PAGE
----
Humans have always been fascinated by what we don’t understand. We love riddles, trying to figure out what we just haven’t grasped yet.
Loving complexity is easy, especially when it comes to people. Hidden layers under the surface are endlessly fascinating. If you discover that somebody turned out to be very different from what you thought, the world stops for a split second. You think: There’s so much I don’t know yet. I was wrong. And strangely enough it feels good, because broadening your perspective is meaningful. Maybe it’s even what life is all about.
Some of the most interesting people I’ve met, have also been the most complex. Different layers that leave you flabbergasted. How can a person consist of so many sides and still have one identity? One girl I know loves unicorns, but she can also be so tough that it surprises me. This contrasts makes me want to know her even more.
Is every person we meet complex? Has everyone we know sides we never knew about, experiences we never thought they could have? I still haven’t met enough people to give a scientifically answer, but I have been taken aback time and time again. Realization has hit me when I see that I really knew nothing about people I thought I understood.
I try to not judge people, both at work with my clients and in my own life. I also try to not be offended when people don’t like me, remembering that they have only seen some parts of me.
Complexity is easy. We crave it, we need it, we feel satisfied when we pursue it. We might not always get the answers we wanted, but we might have learned something new.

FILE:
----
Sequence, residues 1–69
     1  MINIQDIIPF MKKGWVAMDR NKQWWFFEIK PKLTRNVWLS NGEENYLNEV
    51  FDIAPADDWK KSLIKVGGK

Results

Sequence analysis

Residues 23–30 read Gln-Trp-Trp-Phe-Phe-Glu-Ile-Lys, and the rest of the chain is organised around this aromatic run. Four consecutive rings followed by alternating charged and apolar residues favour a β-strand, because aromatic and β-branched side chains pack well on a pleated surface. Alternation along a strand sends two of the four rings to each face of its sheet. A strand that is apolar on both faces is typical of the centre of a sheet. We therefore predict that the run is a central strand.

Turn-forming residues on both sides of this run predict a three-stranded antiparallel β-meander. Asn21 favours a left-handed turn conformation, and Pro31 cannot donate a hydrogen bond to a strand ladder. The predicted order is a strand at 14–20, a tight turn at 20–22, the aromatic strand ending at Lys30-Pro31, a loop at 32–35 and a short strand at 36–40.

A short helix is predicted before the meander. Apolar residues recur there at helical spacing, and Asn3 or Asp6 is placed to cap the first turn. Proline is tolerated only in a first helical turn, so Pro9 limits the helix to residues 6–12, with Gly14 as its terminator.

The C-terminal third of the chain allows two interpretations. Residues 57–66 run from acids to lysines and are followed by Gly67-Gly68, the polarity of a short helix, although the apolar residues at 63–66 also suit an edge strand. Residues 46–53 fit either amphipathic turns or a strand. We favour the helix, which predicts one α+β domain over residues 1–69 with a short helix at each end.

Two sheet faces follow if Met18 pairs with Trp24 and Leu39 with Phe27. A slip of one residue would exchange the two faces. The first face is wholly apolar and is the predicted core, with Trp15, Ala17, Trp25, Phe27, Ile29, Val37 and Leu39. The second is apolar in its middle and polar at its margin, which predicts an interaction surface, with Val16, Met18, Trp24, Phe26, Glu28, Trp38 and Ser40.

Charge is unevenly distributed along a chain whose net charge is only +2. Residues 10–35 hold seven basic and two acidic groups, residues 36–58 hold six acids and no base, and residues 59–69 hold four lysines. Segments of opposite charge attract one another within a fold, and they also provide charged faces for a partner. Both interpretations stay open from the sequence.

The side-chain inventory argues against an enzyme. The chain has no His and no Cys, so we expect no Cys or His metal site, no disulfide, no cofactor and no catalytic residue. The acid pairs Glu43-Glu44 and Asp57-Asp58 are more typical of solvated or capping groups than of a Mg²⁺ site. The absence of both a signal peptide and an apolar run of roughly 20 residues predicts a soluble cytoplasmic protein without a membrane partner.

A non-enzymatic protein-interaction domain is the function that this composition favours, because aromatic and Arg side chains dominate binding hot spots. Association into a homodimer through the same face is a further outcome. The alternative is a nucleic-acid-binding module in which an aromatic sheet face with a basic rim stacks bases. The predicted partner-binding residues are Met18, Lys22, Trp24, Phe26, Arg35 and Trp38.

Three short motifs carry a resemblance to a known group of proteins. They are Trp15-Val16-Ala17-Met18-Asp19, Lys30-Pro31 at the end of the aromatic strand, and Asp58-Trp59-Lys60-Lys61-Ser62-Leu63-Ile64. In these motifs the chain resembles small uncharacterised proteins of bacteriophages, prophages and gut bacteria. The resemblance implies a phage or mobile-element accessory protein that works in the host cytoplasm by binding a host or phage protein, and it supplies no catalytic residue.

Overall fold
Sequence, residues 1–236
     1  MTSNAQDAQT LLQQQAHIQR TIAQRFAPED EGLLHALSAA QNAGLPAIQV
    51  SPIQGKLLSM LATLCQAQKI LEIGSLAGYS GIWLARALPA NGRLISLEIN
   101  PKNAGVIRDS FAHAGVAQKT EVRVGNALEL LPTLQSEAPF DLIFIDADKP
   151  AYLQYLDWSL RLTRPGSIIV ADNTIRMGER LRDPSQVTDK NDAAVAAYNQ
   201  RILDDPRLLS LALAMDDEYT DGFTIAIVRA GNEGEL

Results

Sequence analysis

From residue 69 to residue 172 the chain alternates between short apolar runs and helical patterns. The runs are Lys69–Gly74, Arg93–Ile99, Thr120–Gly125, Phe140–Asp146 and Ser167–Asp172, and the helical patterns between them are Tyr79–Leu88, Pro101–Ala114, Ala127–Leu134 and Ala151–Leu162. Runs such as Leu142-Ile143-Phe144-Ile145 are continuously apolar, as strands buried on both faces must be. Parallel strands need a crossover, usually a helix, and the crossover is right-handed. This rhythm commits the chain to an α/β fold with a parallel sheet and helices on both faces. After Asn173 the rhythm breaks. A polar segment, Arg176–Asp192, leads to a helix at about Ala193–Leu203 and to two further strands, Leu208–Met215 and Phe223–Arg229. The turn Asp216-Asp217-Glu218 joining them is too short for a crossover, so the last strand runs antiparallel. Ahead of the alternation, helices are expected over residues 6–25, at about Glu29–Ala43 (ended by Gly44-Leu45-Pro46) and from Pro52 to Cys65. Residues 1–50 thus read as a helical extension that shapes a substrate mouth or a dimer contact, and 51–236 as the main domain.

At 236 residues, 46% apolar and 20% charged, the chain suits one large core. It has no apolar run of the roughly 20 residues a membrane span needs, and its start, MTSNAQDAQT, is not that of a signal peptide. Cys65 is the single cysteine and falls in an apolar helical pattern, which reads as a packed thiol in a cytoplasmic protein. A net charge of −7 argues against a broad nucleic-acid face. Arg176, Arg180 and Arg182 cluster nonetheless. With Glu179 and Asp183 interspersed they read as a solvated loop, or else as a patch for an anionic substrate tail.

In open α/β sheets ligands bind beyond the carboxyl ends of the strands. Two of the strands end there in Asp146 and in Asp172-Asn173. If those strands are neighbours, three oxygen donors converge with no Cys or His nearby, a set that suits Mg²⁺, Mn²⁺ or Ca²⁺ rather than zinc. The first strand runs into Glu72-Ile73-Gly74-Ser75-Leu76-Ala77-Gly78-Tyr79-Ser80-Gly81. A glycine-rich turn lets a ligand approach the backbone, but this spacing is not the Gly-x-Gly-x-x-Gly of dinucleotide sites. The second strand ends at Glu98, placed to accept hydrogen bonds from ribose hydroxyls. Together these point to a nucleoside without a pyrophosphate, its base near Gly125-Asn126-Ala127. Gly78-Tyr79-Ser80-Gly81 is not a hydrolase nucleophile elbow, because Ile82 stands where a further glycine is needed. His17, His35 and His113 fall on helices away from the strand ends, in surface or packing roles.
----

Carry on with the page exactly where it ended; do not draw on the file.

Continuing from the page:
Two weeks ago I went home to my birthplace. One of the things I did, was walking to the mountain. Finally. High up there I breathed freely, watching the high mountains on the other side of our lake. It was beautiful. At the top I found an architectural wonder, where I could snuggle up between blankets and a good book. It was so quiet and peaceful, feeling the heartbeat of from the mountain. The sound of a rivulet, the heavy breathing as a climbed up to another top, the warm wind caressing the trees. But the loudest sound were born in the silence, where you can hear your thoughts and feel your emotions. That’s where you hear the steady heartbeat the most. It’s the sound of being alive.
QUOTE FROM THE PODCAST
Do good, feel good. It’s really true.
It’s been 17 years since you died. Every year, I’m reminded of it. The 25th of October you left this world after being hit by a car. You flew through the air, and I wonder: What were your last thoughts? Did you realize this would be your last seconds? That you never would see your family and friends again?
Who would you be today, if you were still here? You were only 16. We talked about moving in together when I was 16, because we needed to spend as much time together as possible. You always made me smile, no matter how bad my day was. But after you died, smiling was harder. For years there was only blackness. When I saw other friends, it did not feel right, because I knew there never would be another you. Nobody could replace you, no one understood me as well as you did. You loved me to bits, and it was mutual.
I don’t know if there is a life after this. I’ve pondered that possibility since you died. To never see you again, feels terrible. I hope you are sitting on a cloud, watching over me. Are you sad? Sad because you had so many dreams that never will come true?
I’ve felt guilty for years. Why did I survive when you didn’t? I’ve been in two car accidents, but I’m still here. You were at the wrong place at the wrong time, and that feels unfair. You were loved by so many people, and you always saw the good in everyone around you. I’ve tried to keep that in mind, to bring it with me whenever I encounter new people. I am blessed to have known you.
Are you proud of me? Did I manage to become the person you hoped I would become?
17 years later, and I can still see your face and hear your voice when I close my eyes. The memories we shared are so precious to me, and I can’t and won’t ever forget you.